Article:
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Does this type of bracket represent something else?

Thank you.

Note by Ruiwen Zhang 3 years, 4 months ago

Easy Math Editor

*italics*

_italics_

**bold**

__bold__

- bulleted- list

1. numbered2. list

paragraph 1paragraph 2

paragraph 1

paragraph 2

[example link](https://brilliant.org)

> This is a quote

This is a quote

# I indented these lines # 4 spaces, and now they show # up as a code block. print "hello world"

2 \times 3

2^{34}

a_{i-1}

\frac{2}{3}

\sqrt{2}

\sum_{i=1}^3

\sin \theta

\boxed{123}

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It's not the Bracket, it's the Floor function. It means the greatest integer less than or equal to the number inside, or simply the integer part of a number.

e.g. \(\lfloor 3.56 \rfloor = 3 , \lfloor \pi \rfloor =3 , \lfloor -2.34 \rfloor = -3\)

There's one more of this kind, the Ceiling function. \(\lceil x \rceil\)

It is the Smallest integer greater than or equal to \(x\).

e.g \( \lceil 3.45 \rceil = 4 , \lceil -2.34 \rceil = -2 , \lceil \pi \rceil = 4\)

Also, the fractional part of a number is denoted by \(\{x\}\) and \( 0 \leq \{ x \} < 1\) always.

e.g \( \{ 3.67 \} = 0.67 , \{1.234\} = 0.234 , \{ -2.45 \} = 0.55 \)

If you're surprised at \(\{ -2.45 \} = 0.55\) ,

\(\bullet\) \(-2.45 = -3 + 0.55 \implies \lfloor -2.45 \rfloor = -3 \text{ and } \{-2.45\}=0.55\)

Hence you can write for every real number \(x\) ,

\(x = \lfloor x \rfloor + \{ x \} \)

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Easy Math Editor

`*italics*`

or`_italics_`

italics`**bold**`

or`__bold__`

boldNote: you must add a full line of space before and after lists for them to show up correctlyparagraph 1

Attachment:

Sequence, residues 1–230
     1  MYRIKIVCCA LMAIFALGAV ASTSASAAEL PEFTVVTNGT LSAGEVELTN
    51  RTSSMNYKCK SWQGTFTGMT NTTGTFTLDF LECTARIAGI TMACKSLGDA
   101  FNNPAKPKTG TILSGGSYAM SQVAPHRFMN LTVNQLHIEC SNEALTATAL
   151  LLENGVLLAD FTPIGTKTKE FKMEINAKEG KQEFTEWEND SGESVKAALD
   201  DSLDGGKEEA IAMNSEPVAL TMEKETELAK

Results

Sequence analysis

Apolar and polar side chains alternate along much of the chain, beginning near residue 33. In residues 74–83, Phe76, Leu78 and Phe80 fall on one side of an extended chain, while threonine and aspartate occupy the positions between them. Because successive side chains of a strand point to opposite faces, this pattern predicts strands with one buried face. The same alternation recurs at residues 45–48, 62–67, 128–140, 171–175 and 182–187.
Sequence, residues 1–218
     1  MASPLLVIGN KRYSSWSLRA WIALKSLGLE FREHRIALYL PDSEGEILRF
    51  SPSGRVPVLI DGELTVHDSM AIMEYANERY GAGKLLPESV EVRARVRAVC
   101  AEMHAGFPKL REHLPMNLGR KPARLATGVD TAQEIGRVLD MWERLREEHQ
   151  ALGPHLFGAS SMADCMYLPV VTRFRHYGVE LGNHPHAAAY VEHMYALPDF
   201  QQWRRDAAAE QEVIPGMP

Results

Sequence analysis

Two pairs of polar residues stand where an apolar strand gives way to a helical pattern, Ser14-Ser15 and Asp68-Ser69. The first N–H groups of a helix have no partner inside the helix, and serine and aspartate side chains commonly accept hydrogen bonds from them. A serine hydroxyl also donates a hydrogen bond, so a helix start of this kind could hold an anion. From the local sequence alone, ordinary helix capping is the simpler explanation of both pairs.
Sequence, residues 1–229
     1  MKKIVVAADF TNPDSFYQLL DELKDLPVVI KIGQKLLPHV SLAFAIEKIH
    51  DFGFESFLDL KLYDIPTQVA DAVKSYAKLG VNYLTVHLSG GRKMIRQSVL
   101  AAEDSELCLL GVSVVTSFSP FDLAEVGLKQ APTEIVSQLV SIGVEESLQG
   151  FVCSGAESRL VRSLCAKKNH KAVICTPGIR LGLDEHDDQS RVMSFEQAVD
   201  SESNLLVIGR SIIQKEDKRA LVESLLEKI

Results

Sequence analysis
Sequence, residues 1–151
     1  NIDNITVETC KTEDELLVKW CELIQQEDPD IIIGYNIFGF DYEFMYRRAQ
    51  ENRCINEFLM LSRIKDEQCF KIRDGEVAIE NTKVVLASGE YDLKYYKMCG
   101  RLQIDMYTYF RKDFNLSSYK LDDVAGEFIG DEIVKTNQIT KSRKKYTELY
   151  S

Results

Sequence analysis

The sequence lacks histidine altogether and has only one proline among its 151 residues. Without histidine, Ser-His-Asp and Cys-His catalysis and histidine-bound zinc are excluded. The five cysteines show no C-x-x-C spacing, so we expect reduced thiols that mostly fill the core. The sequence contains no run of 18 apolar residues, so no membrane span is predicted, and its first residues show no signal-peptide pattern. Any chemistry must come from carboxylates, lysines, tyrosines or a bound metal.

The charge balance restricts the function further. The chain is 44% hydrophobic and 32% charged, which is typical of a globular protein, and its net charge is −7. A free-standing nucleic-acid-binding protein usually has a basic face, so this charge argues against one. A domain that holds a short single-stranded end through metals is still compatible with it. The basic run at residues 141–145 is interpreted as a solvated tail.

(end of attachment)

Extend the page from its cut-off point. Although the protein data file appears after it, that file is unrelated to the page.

paragraph 2

`[example link](https://brilliant.org)`

`> This is a quote`

Remember to wrap math in \( ... \) or \[ ... \] to ensure proper formatting.`2 \times 3`

`2^{34}`

`a_{i-1}`

`\frac{2}{3}`

`\sqrt{2}`

`\sum_{i=1}^3`

`\sin \theta`

`\boxed{123}`

## Comments

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TopNewestIt's not the Bracket, it's the Floor function. It means the greatest integer

less than or equal tothe number inside, or simply the integer part of a number.e.g. \(\lfloor 3.56 \rfloor = 3 , \lfloor \pi \rfloor =3 , \lfloor -2.34 \rfloor = -3\)

There's one more of this kind, the Ceiling function. \(\lceil x \rceil\)

It is the Smallest integer

greater than or equal to\(x\).e.g \( \lceil 3.45 \rceil = 4 , \lceil -2.34 \rceil = -2 , \lceil \pi \rceil = 4\)

Also, the fractional part of a number is denoted by \(\{x\}\) and \( 0 \leq \{ x \} < 1\) always.

e.g \( \{ 3.67 \} = 0.67 , \{1.234\} = 0.234 , \{ -2.45 \} = 0.55 \)

If you're surprised at \(\{ -2.45 \} = 0.55\) ,

\(\bullet\) \(-2.45 = -3 + 0.55 \implies \lfloor -2.45 \rfloor = -3 \text{ and } \{-2.45\}=0.55\)

Hence you can write for every real number \(x\) ,

\(x = \lfloor x \rfloor + \{ x \} \)

Log in to reply